© The Financial Times Ltd 2015 FT and 'Financial Times' are trademarks of The Financial Times Ltd.
April 22, 2012 10:25 pm
For a crowd that had just seen its man beaten into second place, there was a remarkable sense of jubilation as raucous supporters of Nicolas Sarkozy packed into a hall to listen to the president tell them last night that “preserving our way of life is central to this election”.
Singing “La Marseillaise” with gusto and chanting “We will win”, it would have been easy to think that it was Mr Sarkozy, the centre-right incumbent, who had carried the night.
The first piece of news seized on by the crowd was when initial estimates that Mr Sarkozy had taken only 25 per cent of the vote were shown as too pessimistic.
The second apparent piece of good news, greeted with a mixture of surprise and not a little happiness, was the fact that Marine Le Pen, leader of the far-right National Front, had scored an astonishing 20 per cent of the vote. To rapturous applause, Mr Sarkozy said it had been a “vote of crisis”.
Immediately reaching out to Ms Le Pen’s supporters and making reference to the fact that parties of the right had done better than the left when taken together, he said: “I know this France, I understand this France, a country that wants its borders respected and to fight delocalisation of industry, and for security for them and their family . . . We must protect France for the next five years.”
As he prepared for two weeks of head-to-head combat ahead of the second-round vote on May 6, Mr Sarkozy proposed three televised debates with his Socialist challenger, François Hollande, instead of one.
Mr Hollande later declined the offer, saying: “Just because he’s losing doesn’t mean he can change the rules.”
Some of the activists at the pro-Sarkozy rally seized upon the fact that the strong performance of Ms Le Pen, and the worse than expected showing of Jean-Luc Mélenchon, the far-left candidate, meant that “the right had won” the night and Front supporters would switch to Mr Sarkozy in the decisive second round.
One of the biggest boos, though, was reserved for Jean-Marie Le Pen, founder of the Front, who appeared on television via a giant screen to deflate some of that optimism.
He said, “Sarkozy has been beaten” and that the Front would not support the incumbent in the second round.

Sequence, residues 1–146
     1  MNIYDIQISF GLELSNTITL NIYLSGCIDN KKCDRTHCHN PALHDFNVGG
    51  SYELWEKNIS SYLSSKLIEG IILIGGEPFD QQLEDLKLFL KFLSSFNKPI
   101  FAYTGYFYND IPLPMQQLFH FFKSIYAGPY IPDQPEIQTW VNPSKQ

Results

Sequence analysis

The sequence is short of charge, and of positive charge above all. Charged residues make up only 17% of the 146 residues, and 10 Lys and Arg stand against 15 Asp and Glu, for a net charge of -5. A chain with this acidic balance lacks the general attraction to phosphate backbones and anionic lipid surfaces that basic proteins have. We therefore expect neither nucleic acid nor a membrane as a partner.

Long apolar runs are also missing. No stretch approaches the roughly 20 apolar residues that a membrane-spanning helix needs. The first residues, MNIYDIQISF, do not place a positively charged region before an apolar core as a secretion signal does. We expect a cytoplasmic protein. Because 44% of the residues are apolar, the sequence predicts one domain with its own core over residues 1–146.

Maylis Rayard, a 37-year-old supporter of Mr Sarkozy’s UMP, said: “It would have been better to have won. But we need to listen to the people who have voted for the National Front.
“It’s difficult for some people because of the crisis, but I think we offer them more than the others, no?”
Speaking from Tulle in central France, Mr Hollande called for unity as he thanked his supporters for putting him ahead of Mr Sarkozy, saying he was honoured to be “best placed to be the next president of the republic”.
As the crowd cheered and shouted “François, president!” a smiling Mr Hollande said the 79 per cent turnout had been “massive” and was a signal of faith in his programme.
”Thanks to you, change is on its way and nothing will stop it.”
He also said the vote was a protest against Mr Sarkozy’s record and warned that the Front’s record score was “a new signal” about people’s anger and frustration.
He called on the supporters of the far left and ecologists to back him in the second round and congratulated Mr Mélenchon and Eva Joly of the Greens.
“I want a handsome victory on May 6,” he said.
Ségolène Royal, Mr Hollande’s former partner and the Socialist candidate who lost to Mr Sarkozy in 2007, also said their party would have to address the concerns of those who voted for the extreme right.
Copyright The Financial Times Limited 2015. You may share using our article tools.
Please don't cut articles from FT.com and redistribute by email or post to the web.
Sign up for email briefings to stay up to date on topics you are interested in